McCollum was convicted in 1990 of second degree child rape and sentenced to five years. At the expiration of her sentence, the state petitioned the trial court for an order declaring her a sexually-violent predator and committing her indefinitely to a "treatment" program. Instead of exercising her right to a jury trial, McCollum agreed to enter the program and thus became only the second woman in the nation classified as a sex predator.
However, in 1997 the state lacked a facility in which to house McCollum, so she initially lived along side the men's program when it was still located on the grounds of the state reformatory at Monroe. A federal judge eventually ordered her transferred to the women's prison at Purdy.
Although isolated from the regular Purdy prisoners, McCollum does eat in the prison cafeteria and exercises in the gymnasium --alone. She spends the rest of her time in her manufactured home sleeping, watching television and knitting. In addition, McCollum meets with a therapist from the men's program four hours a week, and with a recreation therapist twice a week. The remainder of the 44-year-old's time is spent working on her GED or cleaning her living area.
McCollum is "horribly lonely," says her attorney, Mary Opgenorth. "I'm really fearful whether this is a therapeutic environment . . . she's so isolated," added Opgenorth.
The cost of confining McCollum is also a concern. The state pays about $348,000 a year to hold her, which is almost three times the cost of housing a male sex predator at the new complex on McNeil Island. Of course, the reason for this high cost is the necessity of providing the facility and staff for just one person. (Two "residential rehabilitation counselors" monitor McCollum's behavior during her waking hours, while one is assigned to the overnight shift.) This may soon change if the state, gets their way and successfully commits two more females who are currently awaiting trials to determine if they will be declared sexual predators.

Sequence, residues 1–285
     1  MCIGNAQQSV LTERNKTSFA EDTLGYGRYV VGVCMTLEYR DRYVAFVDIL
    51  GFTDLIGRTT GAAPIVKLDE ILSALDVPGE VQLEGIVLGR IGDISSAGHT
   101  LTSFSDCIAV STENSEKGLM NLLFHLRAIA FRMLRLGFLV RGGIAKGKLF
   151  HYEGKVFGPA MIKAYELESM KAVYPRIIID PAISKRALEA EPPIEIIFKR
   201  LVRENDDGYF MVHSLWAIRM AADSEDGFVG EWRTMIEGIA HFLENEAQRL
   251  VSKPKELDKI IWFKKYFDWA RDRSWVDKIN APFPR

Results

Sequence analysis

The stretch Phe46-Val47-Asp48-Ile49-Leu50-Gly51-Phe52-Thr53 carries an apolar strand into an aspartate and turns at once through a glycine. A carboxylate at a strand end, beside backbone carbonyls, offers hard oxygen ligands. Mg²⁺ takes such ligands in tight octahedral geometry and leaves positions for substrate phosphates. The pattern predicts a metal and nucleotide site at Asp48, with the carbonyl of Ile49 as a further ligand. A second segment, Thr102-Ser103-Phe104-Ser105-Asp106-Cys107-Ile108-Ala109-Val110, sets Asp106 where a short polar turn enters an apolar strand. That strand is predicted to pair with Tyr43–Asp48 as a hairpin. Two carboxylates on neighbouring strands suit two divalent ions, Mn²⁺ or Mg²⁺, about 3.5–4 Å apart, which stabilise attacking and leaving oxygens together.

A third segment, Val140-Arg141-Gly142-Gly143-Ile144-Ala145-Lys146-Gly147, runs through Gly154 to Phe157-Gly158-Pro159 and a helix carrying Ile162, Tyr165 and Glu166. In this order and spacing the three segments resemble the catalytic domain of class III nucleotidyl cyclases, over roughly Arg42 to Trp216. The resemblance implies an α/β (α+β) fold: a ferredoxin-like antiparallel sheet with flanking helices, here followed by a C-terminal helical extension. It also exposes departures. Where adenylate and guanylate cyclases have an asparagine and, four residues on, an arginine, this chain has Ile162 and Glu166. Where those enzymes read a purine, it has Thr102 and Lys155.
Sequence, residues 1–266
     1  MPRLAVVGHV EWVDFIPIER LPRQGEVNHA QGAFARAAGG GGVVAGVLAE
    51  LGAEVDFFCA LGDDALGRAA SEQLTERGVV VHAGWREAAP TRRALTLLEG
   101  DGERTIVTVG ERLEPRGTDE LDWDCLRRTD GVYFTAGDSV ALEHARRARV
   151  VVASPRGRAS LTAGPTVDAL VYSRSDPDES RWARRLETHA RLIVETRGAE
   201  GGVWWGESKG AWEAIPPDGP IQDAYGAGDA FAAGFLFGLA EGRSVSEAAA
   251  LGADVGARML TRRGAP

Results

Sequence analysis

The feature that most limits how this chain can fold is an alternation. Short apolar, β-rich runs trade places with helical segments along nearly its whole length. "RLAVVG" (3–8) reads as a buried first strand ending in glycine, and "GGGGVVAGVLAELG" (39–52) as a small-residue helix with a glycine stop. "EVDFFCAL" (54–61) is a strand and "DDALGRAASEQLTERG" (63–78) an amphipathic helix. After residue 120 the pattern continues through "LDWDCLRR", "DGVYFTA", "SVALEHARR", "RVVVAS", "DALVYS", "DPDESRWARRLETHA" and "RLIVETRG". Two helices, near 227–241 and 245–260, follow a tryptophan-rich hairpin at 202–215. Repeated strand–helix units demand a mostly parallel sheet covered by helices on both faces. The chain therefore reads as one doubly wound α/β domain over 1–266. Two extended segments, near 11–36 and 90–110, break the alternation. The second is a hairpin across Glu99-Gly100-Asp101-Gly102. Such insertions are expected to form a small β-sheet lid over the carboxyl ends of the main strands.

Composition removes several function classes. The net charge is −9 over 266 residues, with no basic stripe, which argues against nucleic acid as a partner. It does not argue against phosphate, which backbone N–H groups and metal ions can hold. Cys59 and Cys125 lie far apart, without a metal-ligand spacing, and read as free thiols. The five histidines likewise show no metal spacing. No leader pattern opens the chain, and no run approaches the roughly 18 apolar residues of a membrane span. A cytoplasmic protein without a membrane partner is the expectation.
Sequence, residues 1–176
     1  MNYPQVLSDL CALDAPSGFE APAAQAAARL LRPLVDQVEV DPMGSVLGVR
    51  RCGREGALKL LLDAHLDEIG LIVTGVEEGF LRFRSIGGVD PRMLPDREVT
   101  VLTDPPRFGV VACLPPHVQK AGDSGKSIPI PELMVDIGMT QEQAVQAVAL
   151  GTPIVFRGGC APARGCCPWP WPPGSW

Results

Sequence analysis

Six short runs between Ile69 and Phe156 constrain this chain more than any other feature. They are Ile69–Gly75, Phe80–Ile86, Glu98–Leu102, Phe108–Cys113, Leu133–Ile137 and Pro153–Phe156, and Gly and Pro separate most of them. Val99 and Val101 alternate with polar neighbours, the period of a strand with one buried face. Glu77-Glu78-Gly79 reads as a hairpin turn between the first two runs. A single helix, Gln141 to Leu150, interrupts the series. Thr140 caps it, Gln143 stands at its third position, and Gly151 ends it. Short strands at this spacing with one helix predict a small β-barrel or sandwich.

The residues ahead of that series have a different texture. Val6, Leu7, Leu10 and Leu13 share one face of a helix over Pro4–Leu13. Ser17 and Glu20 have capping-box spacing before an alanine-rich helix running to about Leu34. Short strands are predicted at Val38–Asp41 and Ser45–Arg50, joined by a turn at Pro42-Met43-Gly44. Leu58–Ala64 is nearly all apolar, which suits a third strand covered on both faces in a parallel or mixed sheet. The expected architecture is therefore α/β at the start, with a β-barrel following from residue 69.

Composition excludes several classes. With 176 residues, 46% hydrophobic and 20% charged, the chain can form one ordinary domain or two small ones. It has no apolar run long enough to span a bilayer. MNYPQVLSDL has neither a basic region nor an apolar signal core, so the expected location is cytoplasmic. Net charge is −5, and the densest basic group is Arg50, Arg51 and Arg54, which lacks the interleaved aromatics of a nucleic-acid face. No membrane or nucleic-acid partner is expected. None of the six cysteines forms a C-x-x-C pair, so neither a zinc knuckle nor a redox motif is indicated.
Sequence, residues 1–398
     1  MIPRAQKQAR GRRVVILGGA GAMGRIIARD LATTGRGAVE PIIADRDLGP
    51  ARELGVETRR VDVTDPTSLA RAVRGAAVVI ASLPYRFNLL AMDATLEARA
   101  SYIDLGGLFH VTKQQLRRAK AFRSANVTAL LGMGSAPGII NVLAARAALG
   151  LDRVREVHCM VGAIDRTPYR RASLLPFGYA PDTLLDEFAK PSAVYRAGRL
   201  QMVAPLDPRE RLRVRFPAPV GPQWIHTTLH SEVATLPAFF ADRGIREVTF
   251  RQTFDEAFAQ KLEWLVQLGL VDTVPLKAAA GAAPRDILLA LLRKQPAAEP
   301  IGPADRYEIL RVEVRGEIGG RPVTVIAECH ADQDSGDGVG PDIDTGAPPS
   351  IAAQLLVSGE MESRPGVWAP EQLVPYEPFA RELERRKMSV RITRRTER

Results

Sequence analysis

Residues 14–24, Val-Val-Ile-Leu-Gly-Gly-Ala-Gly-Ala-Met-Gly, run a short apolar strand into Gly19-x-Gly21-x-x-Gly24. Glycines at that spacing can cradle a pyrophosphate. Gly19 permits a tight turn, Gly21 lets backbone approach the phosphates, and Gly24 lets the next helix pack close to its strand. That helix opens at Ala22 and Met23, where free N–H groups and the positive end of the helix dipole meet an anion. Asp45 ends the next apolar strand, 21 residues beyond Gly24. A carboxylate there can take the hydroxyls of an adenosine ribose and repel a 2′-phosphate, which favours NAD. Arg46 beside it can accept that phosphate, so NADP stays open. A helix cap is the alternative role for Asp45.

Crystal Hoffman, 19, and Karla Baker, 25, have both been targeted by state attorneys for civil commitment. Both women were convicted of sex crimes against children.
But aside from the reduction in per capita costs should these two women be committed, a larger problem exists where to house them. Officials from the Department of Social and Health Services, which runs the Special Commitment Center, say the small rectangular building which currently houses only McCollum, is not large enough to accommodate three women. "That's one of the bridges we haven't crossed," said Anthony Avenson, residential care manager for the sex offender program.
Although McCollum, Hoffman and Baker have been convicted of the same type of sex crimes that men commit, treating them is a different matter altogether, mainly because society perceives women as victims of sexual assault rather than the perpetrators of it. This leads to many females who are in need of treatment not receiving it, and to women like McCollum, Hoffman and Baker not receiving the treatment they need to be released from the sex offender program.
Because little research has been done on female sex predators, little data exists on how to treat them, says Florence Wolfe, a certified sex offender treatment provider in Seattle. "I still struggle with what's an appropriate treatment plan," said Wolfe. "We don't have any tests for females (like plethysmographs for males). (But) it isn't just a matter of getting the right piece of equipment,"
Because McCollum agreed to be civilly committed, the state has yet to successfully convince a jury to civilly commit a woman. In the twelve years the program has been running, five women were referred for commitment, but so far only three have met the criteria.
Source: The Seattle Times
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